With respect to the hole sizes, hole 16 has a diameter of thirteen-sixteenth inch (about 2.05 cm) while hole 14 has a diameter of one inch (about 2.54 cm). Either hole will accommodate bolts of three-quarters inch but hole 14 will accommodate a slightly larger bolt, if appropriate. The larger size of hole 14 also allows the desirable tilting of the lug 9 relative to the inserted bolt which will be explained subsequently.
In FIG. 4 can be seen parts of the coaxial pipes 21 and 23 which are formed with the bell flange 22 and spigot end 24, respectively. Between the adjoining ends, bell flange 22 and spigot end 24, there is a gasket 26 which is held in place in a cavity in the bell flange by means of an annularly extending abutment projecting from gland 28 which is spaced from the bell flange 22. Several T-bolts, such as the T-bolt 30 with a head 32 and a nut 34 secured on threads 36, prevent any relative motion between flange 22 and gland 28. The tie lug 9 is positioned between the bell flange 22 and gland 28 in such a manner that one T-bolt, here T-bolt 30, extends through the hole 14 and the tie rod 38 extends through the hole 16. A nut 40 is turned on the threads 42 on the end of the tie rod until the tie rod 38 is firmly anchored to our tie lug 9.
The standard spacing between the faces of the assembled bell flange 22 and gland 28 is about nine-sixteenths to five-eights inch (1.45-1.58 cm). Thus the body 10 will slide into the gap with some play on either side.
The problem solved by this unique structure is one of using the right materials, with the right strength characteristics, shaped in the right proportions to withstand the commercial environment required.
The lug cannot be flat, it would snap off at the outer surface 29 of the gland 28. It cannot be made thicker to withstand the forces because there is no extra space between the faces of the bell and gland. Faces 18, 19 on shoulder 12, 13 prevent that snapping by having point contact with surface 29, one point contact on each side of bolt 30. Because of the described planer surface of faces 18, 19, curved surfaces 20, and the flat shape of body 10, the lug will have line contact with th gasket 26 and possibly the face of flange 22, line contact with the opposing face of gland 28 at surface 29 and point contact between surface 29 and each face 18, 19. The result is a reduction of tension in some bolts 30 and a balanced transfer of some tension to rod 38 and the other bolts 30.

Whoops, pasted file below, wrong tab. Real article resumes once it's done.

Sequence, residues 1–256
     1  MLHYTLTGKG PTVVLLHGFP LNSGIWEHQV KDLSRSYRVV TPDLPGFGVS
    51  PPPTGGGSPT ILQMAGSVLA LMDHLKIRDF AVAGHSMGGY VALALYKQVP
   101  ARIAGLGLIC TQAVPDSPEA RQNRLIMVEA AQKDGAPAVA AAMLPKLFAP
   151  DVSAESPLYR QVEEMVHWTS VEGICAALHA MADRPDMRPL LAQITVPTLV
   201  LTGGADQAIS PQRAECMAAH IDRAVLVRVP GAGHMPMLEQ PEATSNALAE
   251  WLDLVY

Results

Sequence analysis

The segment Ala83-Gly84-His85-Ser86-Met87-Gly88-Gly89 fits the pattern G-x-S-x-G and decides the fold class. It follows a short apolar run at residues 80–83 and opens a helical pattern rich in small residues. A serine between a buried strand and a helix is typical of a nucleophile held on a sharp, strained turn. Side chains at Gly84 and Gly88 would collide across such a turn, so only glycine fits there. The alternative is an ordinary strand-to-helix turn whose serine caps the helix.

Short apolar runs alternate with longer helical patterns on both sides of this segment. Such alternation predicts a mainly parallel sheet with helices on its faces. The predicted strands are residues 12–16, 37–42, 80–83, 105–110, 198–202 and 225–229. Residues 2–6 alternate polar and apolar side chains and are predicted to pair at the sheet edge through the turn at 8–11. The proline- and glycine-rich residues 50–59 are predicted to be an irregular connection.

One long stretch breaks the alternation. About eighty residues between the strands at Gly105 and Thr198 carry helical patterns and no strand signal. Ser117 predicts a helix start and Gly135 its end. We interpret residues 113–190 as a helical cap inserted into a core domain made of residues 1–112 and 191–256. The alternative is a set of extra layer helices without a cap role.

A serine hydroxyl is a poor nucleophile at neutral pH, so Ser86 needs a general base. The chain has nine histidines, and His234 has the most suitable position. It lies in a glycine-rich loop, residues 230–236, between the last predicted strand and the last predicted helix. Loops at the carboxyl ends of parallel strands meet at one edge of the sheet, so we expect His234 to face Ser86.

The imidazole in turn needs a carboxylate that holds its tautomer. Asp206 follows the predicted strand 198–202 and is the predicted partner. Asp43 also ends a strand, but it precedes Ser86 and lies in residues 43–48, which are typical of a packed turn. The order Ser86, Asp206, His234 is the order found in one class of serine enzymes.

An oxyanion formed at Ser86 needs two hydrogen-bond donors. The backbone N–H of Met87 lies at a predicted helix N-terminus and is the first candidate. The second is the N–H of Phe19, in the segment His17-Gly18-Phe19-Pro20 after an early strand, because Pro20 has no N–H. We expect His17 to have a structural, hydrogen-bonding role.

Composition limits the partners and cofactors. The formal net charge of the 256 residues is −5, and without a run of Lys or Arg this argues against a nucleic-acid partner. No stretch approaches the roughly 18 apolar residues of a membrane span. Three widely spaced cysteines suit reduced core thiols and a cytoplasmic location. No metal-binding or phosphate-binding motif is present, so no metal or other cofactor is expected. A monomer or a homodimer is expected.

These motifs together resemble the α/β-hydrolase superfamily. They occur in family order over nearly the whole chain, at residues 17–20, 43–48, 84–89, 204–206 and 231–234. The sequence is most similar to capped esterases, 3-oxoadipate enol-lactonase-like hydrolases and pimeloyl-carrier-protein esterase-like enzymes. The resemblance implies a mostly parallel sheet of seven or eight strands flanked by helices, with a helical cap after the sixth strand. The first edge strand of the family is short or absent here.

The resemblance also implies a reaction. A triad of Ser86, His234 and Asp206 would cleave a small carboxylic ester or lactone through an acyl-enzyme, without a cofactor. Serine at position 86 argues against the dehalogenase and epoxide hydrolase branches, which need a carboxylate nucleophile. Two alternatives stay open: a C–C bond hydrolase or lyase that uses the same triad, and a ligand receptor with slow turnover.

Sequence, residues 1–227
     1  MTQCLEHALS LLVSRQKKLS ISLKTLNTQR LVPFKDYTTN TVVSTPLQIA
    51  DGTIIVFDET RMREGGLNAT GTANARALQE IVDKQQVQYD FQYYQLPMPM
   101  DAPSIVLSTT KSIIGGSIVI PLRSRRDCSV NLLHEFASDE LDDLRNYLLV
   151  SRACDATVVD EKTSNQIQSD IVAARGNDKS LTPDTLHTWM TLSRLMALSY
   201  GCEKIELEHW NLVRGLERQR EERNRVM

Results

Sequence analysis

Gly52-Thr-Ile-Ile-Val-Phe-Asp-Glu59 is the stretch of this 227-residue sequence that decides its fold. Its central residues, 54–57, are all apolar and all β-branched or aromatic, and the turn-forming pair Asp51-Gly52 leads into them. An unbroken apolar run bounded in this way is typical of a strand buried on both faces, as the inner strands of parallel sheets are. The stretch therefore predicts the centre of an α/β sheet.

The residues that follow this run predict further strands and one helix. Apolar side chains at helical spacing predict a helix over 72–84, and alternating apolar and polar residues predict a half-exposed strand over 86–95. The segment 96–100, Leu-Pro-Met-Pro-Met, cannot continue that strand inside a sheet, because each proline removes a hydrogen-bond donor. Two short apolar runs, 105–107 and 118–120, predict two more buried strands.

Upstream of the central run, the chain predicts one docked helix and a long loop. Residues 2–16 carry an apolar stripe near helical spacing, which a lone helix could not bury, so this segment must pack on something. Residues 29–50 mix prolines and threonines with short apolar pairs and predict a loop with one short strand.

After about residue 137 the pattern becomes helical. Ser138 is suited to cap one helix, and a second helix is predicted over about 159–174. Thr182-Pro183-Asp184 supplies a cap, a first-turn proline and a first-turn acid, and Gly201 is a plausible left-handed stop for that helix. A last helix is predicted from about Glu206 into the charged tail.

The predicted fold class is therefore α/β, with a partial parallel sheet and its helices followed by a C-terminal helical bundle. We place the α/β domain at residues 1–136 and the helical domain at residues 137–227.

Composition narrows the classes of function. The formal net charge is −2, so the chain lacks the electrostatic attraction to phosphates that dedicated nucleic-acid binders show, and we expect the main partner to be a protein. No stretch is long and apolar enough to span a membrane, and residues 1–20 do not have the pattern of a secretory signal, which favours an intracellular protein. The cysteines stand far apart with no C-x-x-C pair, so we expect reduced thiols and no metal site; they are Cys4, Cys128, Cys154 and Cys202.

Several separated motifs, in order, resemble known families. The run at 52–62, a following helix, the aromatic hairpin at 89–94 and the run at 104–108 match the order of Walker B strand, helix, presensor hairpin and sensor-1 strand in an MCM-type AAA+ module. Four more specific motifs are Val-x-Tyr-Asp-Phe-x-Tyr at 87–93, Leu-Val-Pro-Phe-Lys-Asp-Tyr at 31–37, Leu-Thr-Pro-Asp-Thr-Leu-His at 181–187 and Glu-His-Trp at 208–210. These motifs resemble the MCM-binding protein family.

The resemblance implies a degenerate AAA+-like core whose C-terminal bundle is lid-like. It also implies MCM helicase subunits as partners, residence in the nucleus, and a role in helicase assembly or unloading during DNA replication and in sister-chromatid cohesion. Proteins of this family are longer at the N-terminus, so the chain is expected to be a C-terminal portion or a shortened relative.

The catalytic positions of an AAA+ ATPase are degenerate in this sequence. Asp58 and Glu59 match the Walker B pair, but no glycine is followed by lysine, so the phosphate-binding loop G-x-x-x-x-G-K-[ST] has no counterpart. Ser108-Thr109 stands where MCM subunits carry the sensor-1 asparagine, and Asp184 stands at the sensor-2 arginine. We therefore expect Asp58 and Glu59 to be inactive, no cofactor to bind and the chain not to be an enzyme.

To achieve the strength, resilience, hardness and resistance to corrosion for our lug we use a ductile iron casting made of ASTM A536 Grade 65-45-12 except for some modifications which may be noted. The apporximate composition of the alloy by weight is as follows:
Chemical compositions, while allowing a somewhat limited range of materials, is subordinate to microstructure and mechanical property requirements. All mechanical property requirements are to be met in the "as cast" condition. Those minimum properties required for acceptable performance are:
Tensile strength: 65,000 psi
Yield strength: 45,000 psi
Brinell Hardness: 170-207 HB
The microstructure in the casting must be ferritic-pearlitic with a nodularity in excess of 90% and no free carbides are permitted in the critical areas (from surface 20 to above faces 18, 19 and not near the contact areas of the faces 18, 19).
In operation, the ends 22 and 24 of the pipe 21 and 23, respectively, are brought into coaxial alignment, but before the spigot end 24 is telescoped into the bell flange end 22, the gland 28 and gasket 26 are slipped into the periphery of the pipe 23. The spigot end 24 is then moved into the bell flange end 22. The tie lug 9 is positioned between the bell flange 22 and the gland 28 in such a manner that the bolt hole 25 in the bell flange 22, the hole 14 in our tie lug 9, and the bolt hole 27 in gland 28 are in alignment. When the tie lug 9 is in this position, the shoulders 12 and 13 should extend over the outer surface 29 of the gland 28. A plurality of T-bolts 30 are then inserted through each set of the three aligned holes of the bell flange, tie lug, and gland. The nuts 34 are then tightened on the threads 36 of the T-bolt 30. It should be noted that due to the unique construction of our tie lug it is quite impossible to install the lug in any position except the correct one.
A tie rod 38 can now be anchored by the tie lug 9 by inserting the end of the tie rod 38 through hole 16. The tie rod 38 is securely fastened to the tie lug 9 by means of the nut 40 and threads 42 on the end of the tie rod.
When the nut 40 has been substantially tightened, there is imparted to tie lug 9 a torque movement which forces the gland 28 into a much tighter contact with gasket 26. This torque movement is caused by the force of the tie rod 38 acting on lug 9 which pivots about its lower portion. The torque force is transmitted to gland 28 at the points at which the gland is contacted by the body 10 and the shoulders 12 and 13. It is to be noted that the hole 14 in the tie lug 9 is slightly larger in diameter than the T-bolt 32. This hole size not only allows the advantage of easy assembly and disassembly, but insures the fact that the tie lug 9 will be capable of pivoting on the T-bolt 30 so that the body 10 and shoulders 12 and 13 press against the face and peripheral surfaces of the gland 28.